Justice at its finest

According to an article from the Associated Press, a serial killer “who avoided detection for 20 years” was sentenced to 75 years to life in prison for murdering three women. Francisco Avecedo was linked to the murder of three women in Yonkers between 1989 and 1996 by DNA evidence Avecedo voluntarily gave up.  In 2009, Avecedo voluntarily gave a DNA sample as an “optional parole application while he was in jail for drunken driving.”

SWEET JUSTICE! It must have been an amazing feeling for the children, mothers, aunts/uncles, friends etc of the victims- Maria Ramos, 26, and Tawana Hodges, 38, both of the Bronx, and Kimberly Moore, 30, of Greenburgh- who have had to endure the suffering of not knowing who murdered someone they loved for all those years.

I do not like how quickly technology is advancing (because I feel most people cannot keep up).  But this is an exception! Technology needs to catch up with human progress in this case because this is an amazing example of why the police department needs to expand its DNA database.  People can lie, but DNA can’t.  Imagine the number of unsolved, cold cases that could be solved if departments expanded its DNA database.

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About Haley Behre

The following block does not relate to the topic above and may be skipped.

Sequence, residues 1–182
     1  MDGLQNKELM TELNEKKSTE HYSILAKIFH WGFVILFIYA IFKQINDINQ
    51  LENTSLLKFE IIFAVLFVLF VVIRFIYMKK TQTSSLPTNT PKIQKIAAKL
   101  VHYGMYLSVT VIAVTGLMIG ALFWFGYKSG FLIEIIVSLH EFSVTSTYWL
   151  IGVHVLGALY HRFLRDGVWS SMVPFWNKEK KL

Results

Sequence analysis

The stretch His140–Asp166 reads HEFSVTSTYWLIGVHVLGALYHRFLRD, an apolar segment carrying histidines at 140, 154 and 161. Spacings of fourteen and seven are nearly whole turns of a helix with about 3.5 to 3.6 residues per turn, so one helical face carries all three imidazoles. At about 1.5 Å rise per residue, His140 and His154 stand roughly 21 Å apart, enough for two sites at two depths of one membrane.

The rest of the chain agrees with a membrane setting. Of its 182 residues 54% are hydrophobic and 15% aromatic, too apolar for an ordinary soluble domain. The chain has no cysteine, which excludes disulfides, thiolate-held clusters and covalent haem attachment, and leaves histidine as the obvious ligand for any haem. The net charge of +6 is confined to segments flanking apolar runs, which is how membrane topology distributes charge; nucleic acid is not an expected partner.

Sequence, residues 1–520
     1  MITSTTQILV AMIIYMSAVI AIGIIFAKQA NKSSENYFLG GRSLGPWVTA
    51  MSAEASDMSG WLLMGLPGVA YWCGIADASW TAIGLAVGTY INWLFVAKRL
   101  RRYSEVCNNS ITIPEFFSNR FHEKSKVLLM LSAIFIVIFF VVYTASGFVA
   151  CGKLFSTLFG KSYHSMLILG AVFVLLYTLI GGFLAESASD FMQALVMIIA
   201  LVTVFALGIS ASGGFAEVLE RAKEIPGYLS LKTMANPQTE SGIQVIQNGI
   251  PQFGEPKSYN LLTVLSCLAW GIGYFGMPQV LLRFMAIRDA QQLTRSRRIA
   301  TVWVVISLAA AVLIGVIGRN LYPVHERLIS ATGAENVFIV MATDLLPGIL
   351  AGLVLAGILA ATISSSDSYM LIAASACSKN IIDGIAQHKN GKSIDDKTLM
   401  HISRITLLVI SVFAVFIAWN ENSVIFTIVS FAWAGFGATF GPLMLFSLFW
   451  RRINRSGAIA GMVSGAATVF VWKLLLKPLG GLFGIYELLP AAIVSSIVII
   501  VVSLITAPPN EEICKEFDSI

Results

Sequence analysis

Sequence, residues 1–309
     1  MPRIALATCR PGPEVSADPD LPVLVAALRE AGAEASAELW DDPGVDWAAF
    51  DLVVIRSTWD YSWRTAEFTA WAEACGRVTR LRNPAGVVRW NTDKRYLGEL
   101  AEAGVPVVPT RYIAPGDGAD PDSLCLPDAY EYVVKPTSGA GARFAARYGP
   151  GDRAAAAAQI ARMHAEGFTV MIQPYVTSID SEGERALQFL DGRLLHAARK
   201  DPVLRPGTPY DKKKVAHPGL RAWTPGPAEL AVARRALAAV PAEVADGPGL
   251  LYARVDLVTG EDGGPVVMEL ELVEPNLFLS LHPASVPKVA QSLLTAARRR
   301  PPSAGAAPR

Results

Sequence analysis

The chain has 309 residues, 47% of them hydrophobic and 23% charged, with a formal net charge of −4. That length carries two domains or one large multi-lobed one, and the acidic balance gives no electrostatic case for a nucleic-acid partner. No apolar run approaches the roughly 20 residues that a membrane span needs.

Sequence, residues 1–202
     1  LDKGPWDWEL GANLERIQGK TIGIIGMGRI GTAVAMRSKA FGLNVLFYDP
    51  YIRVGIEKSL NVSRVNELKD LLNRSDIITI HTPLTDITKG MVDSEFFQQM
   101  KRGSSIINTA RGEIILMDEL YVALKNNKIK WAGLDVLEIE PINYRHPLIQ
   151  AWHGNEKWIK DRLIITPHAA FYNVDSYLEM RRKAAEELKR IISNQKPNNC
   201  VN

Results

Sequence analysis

I graduated from Syracuse University in December 2011 with majors in newspaper journalism and women and gender studies. Using these majors, I aspire to become a journalist who writes about human rights issues. I have held internships at the Syracuse New Times, Dash Media PR Firm, Syracuse Post-Standard and the Reporters Committee for Freedom of the Press. I also had an internship at the Not For Sale Campaign Syracuse chapter, which is a non-profit organization dedicated to eradicating human trafficking. I was born in Seoul, Korea on September 30, 1990 and moved to the United States before I was one year old. When I was 8, my family and I moved to Norwich, England for three years. While I was here I was immersed into a new culture and got to experience many things other children my age do not get to. Over the three years, I visited Ireland, France and the Netherlands several times, and Belgium, Wales and Sweden once. In the winter of 2010, I got an amazing opportunity to visit Kenya for a month. This was by far the single most eye-opening experience of my life thus far. The natural beauty of the landscape and its people do not compare to anything I have seen. I currently intern for the Reporters Committee for the Freedom of the Press in the hopes of getting a full-time job at a newspaper or non-profit after.
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